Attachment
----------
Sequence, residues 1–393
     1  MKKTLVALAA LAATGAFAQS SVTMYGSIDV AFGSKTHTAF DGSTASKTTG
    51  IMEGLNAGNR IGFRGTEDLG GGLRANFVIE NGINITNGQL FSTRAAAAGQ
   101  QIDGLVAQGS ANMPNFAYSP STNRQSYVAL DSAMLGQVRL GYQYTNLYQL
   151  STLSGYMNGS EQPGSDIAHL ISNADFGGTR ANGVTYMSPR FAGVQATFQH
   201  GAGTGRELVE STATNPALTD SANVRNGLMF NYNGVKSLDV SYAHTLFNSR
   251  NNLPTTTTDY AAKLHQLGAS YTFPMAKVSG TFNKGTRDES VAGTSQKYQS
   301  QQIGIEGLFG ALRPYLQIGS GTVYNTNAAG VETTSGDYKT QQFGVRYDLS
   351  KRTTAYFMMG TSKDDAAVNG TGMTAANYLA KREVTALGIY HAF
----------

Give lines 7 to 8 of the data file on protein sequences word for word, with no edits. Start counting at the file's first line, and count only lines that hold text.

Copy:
   251  NNLPTTTTDY AAKLHQLGAS YTFPMAKVSG TFNKGTRDES VAGTSQKYQS
   301  QQIGIEGLFG ALRPYLQIGS GTVYNTNAAG VETTSGDYKT QQFGVRYDLS